We’ll Have Self-Driving Cars as Taxis by 2030

Because the technology is new, equipping a car with autonomous technology costs about $150,000 (the zero-emission fuel system comes standard).

We’ll Have Self-Driving Cars as Taxis by 2030

Google is famous for investing in technologies that do not have a clear commercial purpose, but a recent study into autonomous vehicles suggests that the company's 20 self-driving cars may best serve as a fleet of taxis. 


At least it would make good economic sense, according to the Lawrence Berkeley National Laboratory, and help the environment to boot. Google's 20 autonomous cars have logged over 1 million miles collectively and each car currently drives about 10,000 miles each week each. With this robust testing, researchers are comfortable formulating plans on how to deploy self-driven cars —

as taxis!

Because the technology is new, equipping a car with autonomous technology costs about $150,000 (the zero-emission fuel system comes standard). At this cost, an average driver who commutes about 12,000 miles per year would not recover that investment. But taxis, which drive between 40,000 and 70,000 miles per year, could.

The return on investment results from less fuel use and not having to pay a driver (not something all current taxi drivers would appreciate). Zero-emissions systems account for half the energy savings of a self-driving taxi fleet.

The other half comes from a practice called "right sizing" in which the appropriately sized vehicles arrives to pick you up. A single person will need a small autonomous car while a family leaving for vacation will require a larger, less fuel-efficient vehicle.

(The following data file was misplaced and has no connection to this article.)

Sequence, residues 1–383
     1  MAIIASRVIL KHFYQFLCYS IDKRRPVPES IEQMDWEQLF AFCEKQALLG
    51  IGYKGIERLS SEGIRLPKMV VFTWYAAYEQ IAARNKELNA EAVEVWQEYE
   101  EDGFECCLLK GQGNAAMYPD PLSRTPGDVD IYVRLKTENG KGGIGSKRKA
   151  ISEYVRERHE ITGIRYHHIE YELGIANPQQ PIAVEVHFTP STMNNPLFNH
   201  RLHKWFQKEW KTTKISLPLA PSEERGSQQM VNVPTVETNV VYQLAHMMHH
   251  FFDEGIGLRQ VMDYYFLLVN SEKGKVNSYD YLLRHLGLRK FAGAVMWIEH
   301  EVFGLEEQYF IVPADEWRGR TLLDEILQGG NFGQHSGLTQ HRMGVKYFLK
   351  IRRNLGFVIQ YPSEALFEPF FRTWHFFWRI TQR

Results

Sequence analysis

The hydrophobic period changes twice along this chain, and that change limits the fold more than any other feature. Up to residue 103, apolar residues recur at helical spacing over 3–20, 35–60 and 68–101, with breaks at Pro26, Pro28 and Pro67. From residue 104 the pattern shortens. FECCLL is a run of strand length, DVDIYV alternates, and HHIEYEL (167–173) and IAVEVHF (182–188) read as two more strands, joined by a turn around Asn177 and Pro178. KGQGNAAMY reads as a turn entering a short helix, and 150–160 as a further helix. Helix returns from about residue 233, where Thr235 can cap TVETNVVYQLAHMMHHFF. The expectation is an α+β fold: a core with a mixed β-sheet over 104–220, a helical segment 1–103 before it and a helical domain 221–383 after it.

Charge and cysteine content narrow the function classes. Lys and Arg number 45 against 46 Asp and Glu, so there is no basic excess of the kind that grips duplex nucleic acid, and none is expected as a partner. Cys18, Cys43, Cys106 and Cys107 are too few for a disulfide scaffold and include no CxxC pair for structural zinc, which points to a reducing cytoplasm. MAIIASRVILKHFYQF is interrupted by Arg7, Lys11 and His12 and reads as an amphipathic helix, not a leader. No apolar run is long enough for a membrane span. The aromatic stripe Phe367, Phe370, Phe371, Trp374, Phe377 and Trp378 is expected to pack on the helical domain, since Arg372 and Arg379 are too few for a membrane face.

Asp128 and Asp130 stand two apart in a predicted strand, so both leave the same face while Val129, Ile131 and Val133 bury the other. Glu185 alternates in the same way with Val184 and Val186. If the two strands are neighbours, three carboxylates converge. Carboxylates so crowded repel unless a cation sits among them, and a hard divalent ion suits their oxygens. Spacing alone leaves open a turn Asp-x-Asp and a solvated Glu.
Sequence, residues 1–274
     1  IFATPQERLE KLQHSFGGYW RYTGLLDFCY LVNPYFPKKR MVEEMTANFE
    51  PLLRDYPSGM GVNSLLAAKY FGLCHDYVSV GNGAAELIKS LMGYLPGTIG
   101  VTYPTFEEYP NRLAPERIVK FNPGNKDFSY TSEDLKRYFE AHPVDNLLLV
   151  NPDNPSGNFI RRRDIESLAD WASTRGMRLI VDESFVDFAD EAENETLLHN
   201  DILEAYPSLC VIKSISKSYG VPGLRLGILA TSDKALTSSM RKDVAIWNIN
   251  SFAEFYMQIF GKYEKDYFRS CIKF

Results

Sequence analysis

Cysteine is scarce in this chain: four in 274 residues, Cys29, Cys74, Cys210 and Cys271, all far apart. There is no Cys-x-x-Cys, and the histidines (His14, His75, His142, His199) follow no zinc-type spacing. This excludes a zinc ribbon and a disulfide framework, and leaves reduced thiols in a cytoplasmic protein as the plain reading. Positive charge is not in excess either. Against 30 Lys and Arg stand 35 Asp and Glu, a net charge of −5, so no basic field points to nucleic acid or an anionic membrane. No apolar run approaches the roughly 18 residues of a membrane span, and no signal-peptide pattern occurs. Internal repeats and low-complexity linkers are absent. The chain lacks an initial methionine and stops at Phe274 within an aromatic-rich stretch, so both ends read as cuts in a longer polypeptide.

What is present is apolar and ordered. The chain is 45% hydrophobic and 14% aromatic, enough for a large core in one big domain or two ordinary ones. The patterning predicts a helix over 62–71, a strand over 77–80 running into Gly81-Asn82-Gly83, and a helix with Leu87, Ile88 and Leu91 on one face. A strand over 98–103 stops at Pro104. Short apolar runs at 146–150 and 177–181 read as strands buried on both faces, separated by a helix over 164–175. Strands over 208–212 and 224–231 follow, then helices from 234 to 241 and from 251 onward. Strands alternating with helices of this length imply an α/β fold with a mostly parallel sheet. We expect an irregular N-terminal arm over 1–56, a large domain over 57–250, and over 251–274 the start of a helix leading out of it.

Princeton's Alain Kornhauser predicts that, by 2030, self-driving vehicles could help economize road miles by carpooling. As for Google's vehicles, they have yet to cause a single road accident. Watch this video to see how they're programmed to adjust to challenges as they arise:

Read more at Kurzweil AI.

Photo credits: Bloomberg/Getty, Shutterstock

U.S. Navy controls inventions that claim to change "fabric of reality"

Inventions with revolutionary potential made by a mysterious aerospace engineer for the U.S. Navy come to light.

U.S. Navy ships

Credit: Getty Images
Surprising Science
  • U.S. Navy holds patents for enigmatic inventions by aerospace engineer Dr. Salvatore Pais.
  • Pais came up with technology that can "engineer" reality, devising an ultrafast craft, a fusion reactor, and more.
  • While mostly theoretical at this point, the inventions could transform energy, space, and military sectors.
Keep reading Show less

The misguided history of female anatomy

From "mutilated males" to "wandering wombs," dodgy science affects how we view the female body still today.

Credit: Hà Nguyễn via Unsplash
Sex & Relationships
  • The history of medicine and biology often has been embarrassingly wrong when it comes to female anatomy and was surprisingly resistant to progress.
  • Aristotle and the ancient Greeks are much to blame for the mistaken notion of women as cold, passive, and little more than a "mutilated man."
  • Thanks to this dubious science, and the likes of Sigmund Freud, we live today with a legacy that judges women according to antiquated biology and psychology.
Keep reading Show less

Why do holidays feel like they're over before they even start?

People tend to reflexively assume that fun events – like vacations – will go by really quickly.

Mind & Brain

For many people, summer vacation can't come soon enough – especially for the half of Americans who canceled their summer plans last year due to the pandemic.

Keep reading Show less
Strange Maps

Android has won the phone world war

A global survey shows the majority of countries favor Android over iPhone.

Quantcast